Sunday, December 16, 2018

Finding Your Seat

Both of Our Boys made a Mini-Metro basketball team this year, our oldest made the 5/6 A Team, our youngest made the 5/6 B Team. We spend a good part of our Sundays in gymnasiums in and around Chittenden County. We are proud to sit in the bleachers and cheer for Our Boys and their teammates.

The coaches for both teams ask that their players arrive at least a half hour before the game starts. Once we enter the gym, whether home or away, the first thing that we do is scan the crowd to find a familiar face. Usually we are not the first family to get there, one of Our Boys will find a teammate, and we all climb into the bleachers to sit next to our friends. My Wife was reflecting on this at a recent game and mused out loud, "This is just like high school. Whenever you walked in to the gym for a game, you always looked up into the crowd to find your friends."

I think about the number of times the students in our schools walk into rooms on a daily basis, seeking out a familiar face. Perhaps it's a classroom, the cafeteria, or even the gymnasium. When they walk into a room, they too are seeking a friend. Students and adults alike seek out spaces next to people they know.

We do this because our lives are about relationships, it is how we interact in the world. It doesn't matter how old we are, when we walk into a room, we look for those we know. We find the people in our lives who have connected with us, who have given our lives meaning, who we have walked with us on our journey. We look for those who add to and enrich our lives, whose very presence enhances our own experience, and with whom we grow as people in the world.

Too often in schools, I think we focus on the distinctions between adults and students. Certainly there is a power dynamic that naturally exists, given that we have spent more time on the planet than our younger counterparts. And we also need to acknowledge that often, we have much more in common with our students when it comes to relationships. I'm not suggesting in any way that we are equals. I am suggesting that at times, the basic needs of adults and students are quite similar.

Especially when walking into a room.

Photo Courtesy of Etsy

Sunday, December 2, 2018

Taking the Test

On Monday, November 26, I sat down in Classroom 102 at Champlain Valley Union High School. I chose a seat at the front of the room, and took a moment to review my notes. For the first time in many, many years, I was taking a test.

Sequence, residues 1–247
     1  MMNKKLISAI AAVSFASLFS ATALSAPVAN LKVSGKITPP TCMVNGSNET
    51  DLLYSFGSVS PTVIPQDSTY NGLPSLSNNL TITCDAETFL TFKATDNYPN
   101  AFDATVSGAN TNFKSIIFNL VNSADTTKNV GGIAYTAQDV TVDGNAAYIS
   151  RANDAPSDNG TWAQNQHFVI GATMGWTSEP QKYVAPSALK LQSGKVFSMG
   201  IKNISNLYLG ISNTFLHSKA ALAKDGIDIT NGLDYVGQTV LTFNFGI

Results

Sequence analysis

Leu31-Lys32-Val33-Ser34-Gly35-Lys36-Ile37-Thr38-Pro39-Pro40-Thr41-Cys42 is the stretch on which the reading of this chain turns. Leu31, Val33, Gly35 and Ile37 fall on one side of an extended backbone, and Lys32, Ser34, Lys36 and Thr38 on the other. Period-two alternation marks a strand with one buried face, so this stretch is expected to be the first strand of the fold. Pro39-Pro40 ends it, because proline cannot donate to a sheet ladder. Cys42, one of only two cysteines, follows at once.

Since I was in high school, I've loved officiating. I made the junior varsity baseball team as a sophomore but in the winter of the following year, tore all the ligaments in my ankle. I was at a track meet and when walking back to our hotel, I turned to talk to a friend. When I did that, I also accidentally stepped in a hole. My baseball playing career was over and I had only played basketball through my freshman year.

But I loved both sports and wasn't ready to walk away from them completely. I started umpiring minor league and little league baseball games, and refereed some basketball games as well. When we moved to Vermont, I investigated my options for basketball officiating and found the International Association of Approved Basketball Officials (IAABO) Chapter 105. I had done some officiating several years ago when Our Boys were much younger, and now felt like a good time in our family life to get back into it.

Dan Shepardson, a member of the IAABO Executive Committee, a long time basketball official, and the athletic director at CVU taught the class, with another veteran official Alejandra Barrenechea. I put in the study time, did the practice exams, and reviewed the material as we went through it. And yet I was still nervous, remembering all the times I had sat in classrooms feeling like this through my educational career.

At the beginning of the last class, Shep began prepping us for the exam. When he started to go through the details, I'll be honest, I started to tune out. But something he said got my attention. He offered to read the exam to anyone who needed it. This was a class that included some high school students, some college students, and several adults. All of us were there by choice, but we all had different needs. As I listened to Shep offer to meet the needs of anyone who had trouble reading, I started to relax. The kindness and humanity that Shep was offering made my nervousness begin to dissipate.

In a room of diverse learners, it was made clear that everyone was welcome. Whether or not we took advantage of it, Shep's offer demonstrated a commitment to every single person in that classroom. The reality is that Shep wanted every single one of us to pass the exam but almost more importantly,  to be sure that what we gave for answers represented our knowledge of basketball officiating.